All the world’s a stage… How to reload a Golden Age

Part III

The battle between the forces of the elite Euro­pean-led Mardi Gras and the working class African-led Camboulay is not just a Carnival battle—it is a metaphor for the battle for the nation’s developmental direction and soul. Our crises of crime, institutional collapse, loss of identity and direction are because our leaders have consistently negated the authentic, the working-class, the indigenous, and the “roots”—choosing instead the foreign, plastic and elite. We’ve become a Mardi Gras people—fake, soul-less, status- and trinket-obsessed, surface and empty. We confront nothing and wait until the rot overwhelms. We’ve abandoned our own star. The Carnival, the culture and the country are all collapsing because of these choices…

From the 1930s, with the first experiments to create pan, to 1956, with the world’s first platinum album, Calypso, by Harry Belafonte, this country went through an extraordinary period of transformation. Our folk culture evolved into classical forms with genius levels of execution, eventually becoming global. During this Golden Age, hundreds of heroic nationals impacted every corner of the globe in sports, politics, the arts, liberation movements and science. Pan, mas and calypso emerged in their modern forms spawning 300 Trini-carnivals worldwide.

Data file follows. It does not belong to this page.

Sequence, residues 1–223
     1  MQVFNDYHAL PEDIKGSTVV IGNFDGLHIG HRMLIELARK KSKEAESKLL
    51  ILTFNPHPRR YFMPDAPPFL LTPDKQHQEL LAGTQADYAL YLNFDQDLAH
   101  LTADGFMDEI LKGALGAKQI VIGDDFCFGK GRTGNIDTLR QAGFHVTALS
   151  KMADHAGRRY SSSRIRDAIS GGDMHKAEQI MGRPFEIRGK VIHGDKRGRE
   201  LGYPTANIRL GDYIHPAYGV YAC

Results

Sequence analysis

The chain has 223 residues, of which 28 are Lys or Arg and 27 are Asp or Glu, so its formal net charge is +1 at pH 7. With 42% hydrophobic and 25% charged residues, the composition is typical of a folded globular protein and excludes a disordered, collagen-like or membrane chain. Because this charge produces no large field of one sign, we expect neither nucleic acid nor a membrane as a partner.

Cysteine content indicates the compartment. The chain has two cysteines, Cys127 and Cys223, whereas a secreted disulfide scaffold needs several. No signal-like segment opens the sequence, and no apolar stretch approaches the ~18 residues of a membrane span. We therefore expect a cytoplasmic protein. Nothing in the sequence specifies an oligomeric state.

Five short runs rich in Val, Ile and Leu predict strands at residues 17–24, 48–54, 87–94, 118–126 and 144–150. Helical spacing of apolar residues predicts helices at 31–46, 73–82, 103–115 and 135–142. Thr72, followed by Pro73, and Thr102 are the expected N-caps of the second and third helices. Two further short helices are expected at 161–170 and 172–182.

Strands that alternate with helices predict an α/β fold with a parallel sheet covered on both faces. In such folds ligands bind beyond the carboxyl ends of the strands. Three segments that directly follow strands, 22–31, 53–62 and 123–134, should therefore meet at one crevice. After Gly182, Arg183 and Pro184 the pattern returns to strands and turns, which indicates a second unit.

Read the rest of this entry

300 Carnivals falling – How to Reload a Golden Age

Part II

OUR PROBLEM is that we’ve never understood our majesty. Never understood how large our cultural footprint is in the world. Never internalised the hundreds of heroes we’ve uttered into the universal pantheon. Never understood the power of the things we created. Never understood the billions just awaiting our reaping—if only we embraced who we are… It is not just Trinidad’s Carnival that’s falling. It is all 300 we’ve spawned…And it is not Carnival alone that falls—but all T&T’s cultural forms…

For 12 years the Artists Coalition (ACTT) has led battles against four successive administrations to get the commonsense facilitating systems for culture in place. These are systems the rest of the world put in place since World War II. ACTT inherited the struggle from two generations before us. Pioneers like Beryl McBurnie and Charles Applewhaite died without seeing it. Warriors like James Lee Wah threw their hands up in disgust at the paralysis…Every single political administration since Independence has refused to do the right thing. Now we’re paying the price in every facet of our life.

Every single collapse we are witnessing in the Carnival is related to generational collapse— to what happens when you fail to build institutions to honour your legacy, and manage the succession of traditions and knowledge-systems from one generation to another. We are thus always re-inventing the wheel, always victim to every invader, conman and gimmick…And have less authentic knowledge each year to create with…Our tragedy may be that our colonial rulers cared more about our landscape and culture than our post Independence politicians… Read the rest of this entry